Just as Chile’s grape season is starting to ramp up – with volumes strengthening these past two weeks – heavy rains have hit all the growing regions in the country. Mike Asdoorian of DLJ Produce shares: “The rainfall was very widespread, falling from Central Chile and growing regions further south. Most growers got anywhere from 1.75 to 2+ inches, with the metropolitan area of Santiago and Valpraiso being hit the hardest. It is pretty catastrophic, especially because it was very unexpected for this time of the year.”
Full extent of damage still unknown
While it is still too early to tell what the full extent of the damage will be, the preliminary reports are not positive. “We have seen that there was quite a bit of field damage, such as grape vines collapsing. Stone fruit trees have been affected, too, and concerns for brown rot and mildew are high right now. Blueberries have also suffered damage. The overall loss for the agriculture industry in the affected areas will be significant,” Asdoorian shares, adding: “From what we’ve seen in the reports, however, apples and pears seem to be mostly unaffected.”
US market might strengthen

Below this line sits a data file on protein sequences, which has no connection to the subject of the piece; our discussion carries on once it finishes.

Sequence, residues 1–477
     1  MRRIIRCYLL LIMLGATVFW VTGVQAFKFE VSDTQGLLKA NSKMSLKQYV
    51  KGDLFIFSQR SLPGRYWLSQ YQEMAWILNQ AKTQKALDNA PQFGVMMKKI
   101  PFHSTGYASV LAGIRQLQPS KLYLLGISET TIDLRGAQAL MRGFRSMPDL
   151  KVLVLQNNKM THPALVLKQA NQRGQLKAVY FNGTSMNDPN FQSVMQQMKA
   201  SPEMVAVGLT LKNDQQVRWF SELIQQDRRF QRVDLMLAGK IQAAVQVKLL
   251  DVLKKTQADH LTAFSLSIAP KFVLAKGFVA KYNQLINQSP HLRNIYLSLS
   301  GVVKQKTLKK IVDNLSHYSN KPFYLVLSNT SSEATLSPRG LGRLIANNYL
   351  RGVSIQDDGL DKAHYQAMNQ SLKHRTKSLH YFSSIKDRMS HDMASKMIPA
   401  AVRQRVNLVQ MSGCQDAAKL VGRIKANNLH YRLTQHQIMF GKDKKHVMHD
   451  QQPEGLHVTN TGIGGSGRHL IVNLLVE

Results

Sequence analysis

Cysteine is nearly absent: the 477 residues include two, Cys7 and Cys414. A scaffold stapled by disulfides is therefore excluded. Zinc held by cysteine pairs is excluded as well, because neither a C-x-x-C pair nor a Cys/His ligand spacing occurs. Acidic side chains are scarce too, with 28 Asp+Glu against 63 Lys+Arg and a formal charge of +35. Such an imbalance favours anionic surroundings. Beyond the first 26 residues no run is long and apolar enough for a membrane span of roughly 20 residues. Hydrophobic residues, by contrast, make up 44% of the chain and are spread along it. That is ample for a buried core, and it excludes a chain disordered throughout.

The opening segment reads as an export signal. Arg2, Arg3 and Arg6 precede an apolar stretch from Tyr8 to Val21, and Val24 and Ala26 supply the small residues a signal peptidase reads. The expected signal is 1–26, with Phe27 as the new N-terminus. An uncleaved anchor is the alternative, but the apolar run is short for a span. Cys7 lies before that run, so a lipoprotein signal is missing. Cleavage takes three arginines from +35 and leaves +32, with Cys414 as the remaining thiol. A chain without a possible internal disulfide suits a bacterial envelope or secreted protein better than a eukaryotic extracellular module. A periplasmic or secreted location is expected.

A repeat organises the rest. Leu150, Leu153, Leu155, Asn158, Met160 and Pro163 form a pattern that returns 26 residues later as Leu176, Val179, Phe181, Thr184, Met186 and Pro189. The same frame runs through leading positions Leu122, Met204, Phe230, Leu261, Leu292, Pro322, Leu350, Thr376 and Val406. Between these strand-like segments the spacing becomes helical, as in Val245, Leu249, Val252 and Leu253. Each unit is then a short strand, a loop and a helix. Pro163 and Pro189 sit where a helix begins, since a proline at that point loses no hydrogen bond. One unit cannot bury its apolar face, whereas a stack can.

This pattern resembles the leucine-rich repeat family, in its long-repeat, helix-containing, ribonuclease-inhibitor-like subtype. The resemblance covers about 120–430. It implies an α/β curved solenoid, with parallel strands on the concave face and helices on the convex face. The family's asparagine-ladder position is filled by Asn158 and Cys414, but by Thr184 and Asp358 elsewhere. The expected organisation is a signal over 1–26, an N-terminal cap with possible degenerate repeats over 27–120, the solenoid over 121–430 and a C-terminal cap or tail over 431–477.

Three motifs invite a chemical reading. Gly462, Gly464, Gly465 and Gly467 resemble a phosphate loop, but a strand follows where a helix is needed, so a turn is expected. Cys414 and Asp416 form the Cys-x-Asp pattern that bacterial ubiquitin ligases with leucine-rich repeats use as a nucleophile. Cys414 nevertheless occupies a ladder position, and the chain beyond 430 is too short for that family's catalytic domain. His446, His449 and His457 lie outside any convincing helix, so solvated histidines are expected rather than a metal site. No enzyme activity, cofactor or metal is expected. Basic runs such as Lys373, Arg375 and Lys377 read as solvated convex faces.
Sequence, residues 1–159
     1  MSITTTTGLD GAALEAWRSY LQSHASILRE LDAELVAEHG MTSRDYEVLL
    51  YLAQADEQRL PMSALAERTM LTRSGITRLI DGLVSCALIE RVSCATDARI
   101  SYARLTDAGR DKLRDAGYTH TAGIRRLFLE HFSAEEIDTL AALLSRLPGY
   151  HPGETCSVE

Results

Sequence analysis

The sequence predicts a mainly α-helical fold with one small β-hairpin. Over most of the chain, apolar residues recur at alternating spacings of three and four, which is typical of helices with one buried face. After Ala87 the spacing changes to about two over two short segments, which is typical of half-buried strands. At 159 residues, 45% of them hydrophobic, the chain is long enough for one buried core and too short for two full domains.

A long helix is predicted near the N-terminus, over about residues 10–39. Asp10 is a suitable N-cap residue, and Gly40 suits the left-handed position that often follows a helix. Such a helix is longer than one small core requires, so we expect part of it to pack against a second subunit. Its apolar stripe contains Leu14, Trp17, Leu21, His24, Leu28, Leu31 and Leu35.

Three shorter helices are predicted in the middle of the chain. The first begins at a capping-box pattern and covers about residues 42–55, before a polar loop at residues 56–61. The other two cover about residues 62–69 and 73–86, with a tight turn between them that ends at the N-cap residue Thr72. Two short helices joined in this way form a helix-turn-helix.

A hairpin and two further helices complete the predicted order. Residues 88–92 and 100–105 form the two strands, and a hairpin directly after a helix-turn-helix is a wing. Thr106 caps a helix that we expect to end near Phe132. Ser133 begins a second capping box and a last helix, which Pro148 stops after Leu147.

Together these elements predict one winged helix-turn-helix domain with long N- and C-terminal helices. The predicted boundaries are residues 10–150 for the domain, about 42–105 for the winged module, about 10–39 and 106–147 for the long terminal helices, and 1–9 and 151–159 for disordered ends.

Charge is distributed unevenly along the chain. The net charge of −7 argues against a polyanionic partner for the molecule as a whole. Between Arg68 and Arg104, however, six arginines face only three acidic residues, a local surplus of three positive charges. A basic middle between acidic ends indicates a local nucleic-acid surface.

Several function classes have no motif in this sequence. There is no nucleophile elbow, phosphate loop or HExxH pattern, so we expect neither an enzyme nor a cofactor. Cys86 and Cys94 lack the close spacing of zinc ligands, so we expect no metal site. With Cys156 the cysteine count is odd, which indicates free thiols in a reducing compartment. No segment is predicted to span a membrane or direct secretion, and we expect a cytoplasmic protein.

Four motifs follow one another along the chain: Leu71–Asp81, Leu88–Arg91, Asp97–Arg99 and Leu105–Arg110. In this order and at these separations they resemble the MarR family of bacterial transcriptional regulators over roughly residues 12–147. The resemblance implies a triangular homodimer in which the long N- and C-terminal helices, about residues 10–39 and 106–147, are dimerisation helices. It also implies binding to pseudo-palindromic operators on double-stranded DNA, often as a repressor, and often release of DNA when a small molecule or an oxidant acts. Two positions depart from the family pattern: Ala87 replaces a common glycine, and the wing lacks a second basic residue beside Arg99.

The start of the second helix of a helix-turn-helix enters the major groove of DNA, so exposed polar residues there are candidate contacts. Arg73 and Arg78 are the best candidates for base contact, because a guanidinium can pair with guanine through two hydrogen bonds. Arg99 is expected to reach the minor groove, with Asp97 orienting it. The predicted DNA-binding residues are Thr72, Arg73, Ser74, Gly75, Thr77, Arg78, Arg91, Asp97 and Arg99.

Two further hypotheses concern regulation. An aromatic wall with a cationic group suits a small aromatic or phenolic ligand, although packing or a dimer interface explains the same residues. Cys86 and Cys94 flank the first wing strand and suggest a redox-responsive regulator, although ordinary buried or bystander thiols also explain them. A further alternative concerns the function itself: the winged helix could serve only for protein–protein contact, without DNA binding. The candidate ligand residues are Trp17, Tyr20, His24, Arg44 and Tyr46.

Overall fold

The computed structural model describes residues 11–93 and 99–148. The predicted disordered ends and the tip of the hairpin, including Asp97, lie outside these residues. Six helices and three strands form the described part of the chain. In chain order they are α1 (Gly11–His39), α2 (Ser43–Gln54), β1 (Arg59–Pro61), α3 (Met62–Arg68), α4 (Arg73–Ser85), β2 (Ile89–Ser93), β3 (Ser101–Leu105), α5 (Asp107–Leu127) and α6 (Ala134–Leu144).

The effects on the grapes will be two-fold: some volumes may be lost completely, and other volumes will have affected quality. “The initial losses of the fruit on the vine will have their own effects. The overall volumes entering the US will be lower. This will likely strengthen the market because of decreased arrival volume and average demand currently. Lower volumes coming in will likely help strengthen the prices. After that initial loss, however, there is no guarantee that the fruit that is harvested will be able to hold up through the transit times and make it to its destination with high enough quality. That is the biggest concern for the buyers: the quality of the arrivals. If the quality being put out isn’t up to par that could be detrimental to the market. But at this point in time, we just have to wait and see how the rest of the season will unfold,” Asdoorian concludes.